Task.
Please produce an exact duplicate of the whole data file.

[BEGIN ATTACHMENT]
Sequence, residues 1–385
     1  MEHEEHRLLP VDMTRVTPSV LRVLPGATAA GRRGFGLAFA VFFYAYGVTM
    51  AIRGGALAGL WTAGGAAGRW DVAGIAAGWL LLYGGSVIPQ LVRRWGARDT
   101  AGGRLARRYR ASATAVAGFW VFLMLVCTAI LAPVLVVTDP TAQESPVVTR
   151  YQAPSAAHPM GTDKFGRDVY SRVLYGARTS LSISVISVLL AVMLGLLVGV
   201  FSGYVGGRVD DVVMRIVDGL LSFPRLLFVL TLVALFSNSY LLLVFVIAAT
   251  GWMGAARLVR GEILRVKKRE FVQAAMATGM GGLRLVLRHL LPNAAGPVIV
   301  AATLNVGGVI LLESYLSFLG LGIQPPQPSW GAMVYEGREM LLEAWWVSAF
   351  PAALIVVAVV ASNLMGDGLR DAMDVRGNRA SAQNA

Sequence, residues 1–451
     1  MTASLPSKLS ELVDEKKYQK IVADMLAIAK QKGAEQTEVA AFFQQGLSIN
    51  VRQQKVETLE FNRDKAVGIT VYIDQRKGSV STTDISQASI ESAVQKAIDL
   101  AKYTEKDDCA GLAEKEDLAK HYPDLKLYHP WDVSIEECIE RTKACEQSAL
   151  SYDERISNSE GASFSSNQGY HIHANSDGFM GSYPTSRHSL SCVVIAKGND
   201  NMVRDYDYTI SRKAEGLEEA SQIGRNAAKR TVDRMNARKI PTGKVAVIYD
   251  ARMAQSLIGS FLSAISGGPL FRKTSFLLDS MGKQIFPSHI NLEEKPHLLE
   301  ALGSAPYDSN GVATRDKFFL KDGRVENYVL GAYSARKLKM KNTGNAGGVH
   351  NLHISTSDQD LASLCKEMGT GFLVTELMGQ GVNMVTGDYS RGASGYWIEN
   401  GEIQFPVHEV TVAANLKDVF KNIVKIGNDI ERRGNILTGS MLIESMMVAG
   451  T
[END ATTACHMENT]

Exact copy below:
Sequence, residues 1–385
     1  MEHEEHRLLP VDMTRVTPSV LRVLPGATAA GRRGFGLAFA VFFYAYGVTM
    51  AIRGGALAGL WTAGGAAGRW DVAGIAAGWL LLYGGSVIPQ LVRRWGARDT
   101  AGGRLARRYR ASATAVAGFW VFLMLVCTAI LAPVLVVTDP TAQESPVVTR
   151  YQAPSAAHPM GTDKFGRDVY SRVLYGARTS LSISVISVLL AVMLGLLVGV
   201  FSGYVGGRVD DVVMRIVDGL LSFPRLLFVL TLVALFSNSY LLLVFVIAAT
   251  GWMGAARLVR GEILRVKKRE FVQAAMATGM GGLRLVLRHL LPNAAGPVIV
   301  AATLNVGGVI LLESYLSFLG LGIQPPQPSW GAMVYEGREM LLEAWWVSAF
   351  PAALIVVAVV ASNLMGDGLR DAMDVRGNRA SAQNA

Sequence, residues 1–451
     1  MTASLPSKLS ELVDEKKYQK IVADMLAIAK QKGAEQTEVA AFFQQGLSIN
    51  VRQQKVETLE FNRDKAVGIT VYIDQRKGSV STTDISQASI ESAVQKAIDL
   101  AKYTEKDDCA GLAEKEDLAK HYPDLKLYHP WDVSIEECIE RTKACEQSAL
   151  SYDERISNSE GASFSSNQGY HIHANSDGFM GSYPTSRHSL SCVVIAKGND
   201  NMVRDYDYTI SRKAEGLEEA SQIGRNAAKR TVDRMNARKI PTGKVAVIYD
   251  ARMAQSLIGS FLSAISGGPL FRKTSFLLDS MGKQIFPSHI NLEEKPHLLE
   301  ALGSAPYDSN GVATRDKFFL KDGRVENYVL GAYSARKLKM KNTGNAGGVH
   351  NLHISTSDQD LASLCKEMGT GFLVTELMGQ GVNMVTGDYS RGASGYWIEN
   401  GEIQFPVHEV TVAANLKDVF KNIVKIGNDI ERRGNILTGS MLIESMMVAG
   451  T